Why sysadmins should choose Awesome window manager on Linux

The Awesome window manager takes a "tiling" approach, meaning that each window you launch takes up a fraction of your desktop according to the number of windows you have open.
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Awesome is a window manager for the Linux desktop. A "window manager" is a graphical interface that primarily (if not literally) just manages the drawing and arrangement of windows. In practice, even the most rudimentary of window managers actually provides a little more than just the ability to draw a window. Most also provide a pop-up menu so you can launch an application, some provide a dock or panel so you can switch between different applications you have running. They stop short at providing desktop conveniences such as drawing a wallpaper in the background of your screen, mounting and unmounting devices, providing a system tray, and so on. A window manager assumes you can use other applications to build a desktop experience to your own liking, and so it focuses on managing windows. The Awesome window manager takes a "tiling" approach, meaning that each window you launch takes up a fraction of your desktop according to the number of windows you have open.

Image of the Awesome desktop.

(Seth Kenlon, CC BY-SA 4.0)

My Linux desktop is the terminal

When you're a systems administrator, you tend to spend a lot of time in a terminal window. It's a direct and efficient interface to your local machine, to remote machines, the network, the Internet, and everything else, so it's usually the easiest and most sensible way to do a lot of things to a lot of computers at once. And when you spend all day in a terminal, you understandably start to question whether you actually need a desktop at all.

To be perfectly honest, the answer's often no, at least for 80% of your tasks. The reality of modern computing, however, is that there are some applications that are just easier to use through a graphical interface. For instance, even though there are issue tracking systems, like the open source Bugzilla, that provide terminal commands as an interface, sometimes you're on a team that uses an issue tracker (usually it's not open source) that provides only a web application. Like it or not, you need a web browser to interact with the ticketing system. And even though you may use a perfectly reasonable markup language like AsciiDoc, you're probably sent a word processor document sometimes and, while you could use Pandoc to convert the document into AsciiDoc and then back into an office document, that risks losing something in translation. Like it or not, you need an office suite.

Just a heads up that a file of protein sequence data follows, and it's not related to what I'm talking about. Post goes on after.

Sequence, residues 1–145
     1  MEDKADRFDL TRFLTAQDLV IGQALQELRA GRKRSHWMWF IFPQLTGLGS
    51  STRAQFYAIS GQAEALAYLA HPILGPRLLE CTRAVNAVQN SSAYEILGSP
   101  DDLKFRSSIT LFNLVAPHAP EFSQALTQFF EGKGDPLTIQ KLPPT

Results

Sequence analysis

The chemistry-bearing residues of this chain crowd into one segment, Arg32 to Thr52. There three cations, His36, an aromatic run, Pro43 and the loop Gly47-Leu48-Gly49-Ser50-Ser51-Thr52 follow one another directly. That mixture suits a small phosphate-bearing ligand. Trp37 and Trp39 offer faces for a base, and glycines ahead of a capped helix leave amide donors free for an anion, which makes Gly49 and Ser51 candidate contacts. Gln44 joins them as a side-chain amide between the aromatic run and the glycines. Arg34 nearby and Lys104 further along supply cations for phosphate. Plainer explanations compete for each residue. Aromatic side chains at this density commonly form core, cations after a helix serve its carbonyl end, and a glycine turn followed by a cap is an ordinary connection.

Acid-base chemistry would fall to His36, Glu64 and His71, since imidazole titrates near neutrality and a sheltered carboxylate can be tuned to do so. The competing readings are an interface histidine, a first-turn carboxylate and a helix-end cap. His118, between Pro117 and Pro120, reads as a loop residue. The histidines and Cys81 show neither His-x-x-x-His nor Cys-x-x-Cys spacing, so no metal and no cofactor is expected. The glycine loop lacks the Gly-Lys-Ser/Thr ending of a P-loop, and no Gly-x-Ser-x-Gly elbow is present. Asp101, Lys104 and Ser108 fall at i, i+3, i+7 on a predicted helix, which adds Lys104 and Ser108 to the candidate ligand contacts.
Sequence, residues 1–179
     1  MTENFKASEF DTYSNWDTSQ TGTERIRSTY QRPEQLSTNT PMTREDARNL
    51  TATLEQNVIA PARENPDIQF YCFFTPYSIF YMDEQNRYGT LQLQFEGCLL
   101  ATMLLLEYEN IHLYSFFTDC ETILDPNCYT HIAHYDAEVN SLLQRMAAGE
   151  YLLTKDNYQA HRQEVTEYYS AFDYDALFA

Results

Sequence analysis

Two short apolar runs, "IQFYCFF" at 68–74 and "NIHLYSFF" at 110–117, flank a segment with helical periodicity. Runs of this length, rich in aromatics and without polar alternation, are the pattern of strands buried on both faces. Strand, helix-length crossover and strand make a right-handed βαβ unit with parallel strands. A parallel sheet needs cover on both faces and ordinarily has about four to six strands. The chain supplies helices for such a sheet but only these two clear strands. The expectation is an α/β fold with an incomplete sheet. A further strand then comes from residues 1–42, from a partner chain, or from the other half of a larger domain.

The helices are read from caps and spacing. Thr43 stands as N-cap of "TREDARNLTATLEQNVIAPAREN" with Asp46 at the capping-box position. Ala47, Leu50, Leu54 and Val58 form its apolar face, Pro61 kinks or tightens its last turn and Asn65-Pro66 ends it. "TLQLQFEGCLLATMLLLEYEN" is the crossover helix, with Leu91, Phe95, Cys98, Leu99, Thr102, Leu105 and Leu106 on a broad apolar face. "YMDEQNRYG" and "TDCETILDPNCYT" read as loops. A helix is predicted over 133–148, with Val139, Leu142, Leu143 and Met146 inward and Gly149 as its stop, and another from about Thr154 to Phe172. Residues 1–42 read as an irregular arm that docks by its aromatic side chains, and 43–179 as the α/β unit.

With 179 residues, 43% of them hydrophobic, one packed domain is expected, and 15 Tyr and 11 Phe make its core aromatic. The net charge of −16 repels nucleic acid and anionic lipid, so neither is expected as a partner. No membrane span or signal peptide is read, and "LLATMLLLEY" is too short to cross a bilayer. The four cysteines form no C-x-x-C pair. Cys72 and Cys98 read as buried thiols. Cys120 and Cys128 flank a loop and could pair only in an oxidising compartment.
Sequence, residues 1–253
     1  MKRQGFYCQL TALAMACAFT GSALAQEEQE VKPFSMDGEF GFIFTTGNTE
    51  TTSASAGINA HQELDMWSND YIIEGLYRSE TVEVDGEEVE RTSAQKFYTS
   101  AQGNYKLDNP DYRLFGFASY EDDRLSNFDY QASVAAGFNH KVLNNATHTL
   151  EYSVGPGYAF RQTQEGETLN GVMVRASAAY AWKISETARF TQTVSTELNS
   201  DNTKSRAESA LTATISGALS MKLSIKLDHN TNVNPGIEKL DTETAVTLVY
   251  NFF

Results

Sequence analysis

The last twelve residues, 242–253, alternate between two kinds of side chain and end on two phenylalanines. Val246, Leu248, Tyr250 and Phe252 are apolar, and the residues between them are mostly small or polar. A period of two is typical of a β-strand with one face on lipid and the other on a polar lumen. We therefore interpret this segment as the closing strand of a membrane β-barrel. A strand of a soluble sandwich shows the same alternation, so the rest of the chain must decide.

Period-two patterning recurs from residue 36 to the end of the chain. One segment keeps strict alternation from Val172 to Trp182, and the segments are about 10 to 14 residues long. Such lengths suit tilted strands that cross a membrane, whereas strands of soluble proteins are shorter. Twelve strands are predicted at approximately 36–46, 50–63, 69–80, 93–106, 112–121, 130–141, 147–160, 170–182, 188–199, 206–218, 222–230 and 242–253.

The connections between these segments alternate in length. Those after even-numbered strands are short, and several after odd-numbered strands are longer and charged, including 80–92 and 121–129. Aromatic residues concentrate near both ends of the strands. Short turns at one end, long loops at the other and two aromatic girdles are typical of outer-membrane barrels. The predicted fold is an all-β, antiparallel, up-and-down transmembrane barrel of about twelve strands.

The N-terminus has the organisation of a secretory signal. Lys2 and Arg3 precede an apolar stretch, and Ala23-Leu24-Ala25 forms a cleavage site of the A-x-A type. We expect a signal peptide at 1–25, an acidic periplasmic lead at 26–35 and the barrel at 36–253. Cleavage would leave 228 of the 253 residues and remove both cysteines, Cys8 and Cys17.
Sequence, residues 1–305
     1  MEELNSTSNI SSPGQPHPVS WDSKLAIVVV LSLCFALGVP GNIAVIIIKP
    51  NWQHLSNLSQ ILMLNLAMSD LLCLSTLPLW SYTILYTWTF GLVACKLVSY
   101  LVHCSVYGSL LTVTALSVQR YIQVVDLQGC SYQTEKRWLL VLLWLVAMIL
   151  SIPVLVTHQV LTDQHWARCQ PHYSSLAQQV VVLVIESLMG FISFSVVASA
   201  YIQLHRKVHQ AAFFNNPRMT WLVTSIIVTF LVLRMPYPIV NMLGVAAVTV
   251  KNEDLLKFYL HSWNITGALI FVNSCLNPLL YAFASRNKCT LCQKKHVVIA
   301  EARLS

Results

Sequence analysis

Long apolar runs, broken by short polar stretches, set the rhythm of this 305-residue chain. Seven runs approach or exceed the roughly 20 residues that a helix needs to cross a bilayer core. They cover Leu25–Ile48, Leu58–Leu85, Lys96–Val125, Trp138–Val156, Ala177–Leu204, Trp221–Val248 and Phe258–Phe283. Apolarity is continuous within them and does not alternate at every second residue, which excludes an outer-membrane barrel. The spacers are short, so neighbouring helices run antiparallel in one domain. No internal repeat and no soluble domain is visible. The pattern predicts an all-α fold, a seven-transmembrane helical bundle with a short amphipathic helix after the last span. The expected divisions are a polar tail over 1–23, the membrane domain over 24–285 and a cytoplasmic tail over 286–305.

The bottom line is that, whether you like it or not, you need a desktop. Or at least a window manager.

Tiling windows

Awesome understands your plight. With Awesome, your "primary" desktop can be your terminal. When you first launch it, your terminal window is full screen, just like the text console you really want to be greeted with upon login. When you really need web browser, though, you can launch it and Awesome makes room for it by splitting your screen in half. Your terminal is on one side, the web browser's on the other.

If you need to open a third application, you can launch that and Awesome makes room for it by splitting your screen into thirds.

Image of Awesome tiles.

(Seth Kenlon, CC BY-SA 4.0)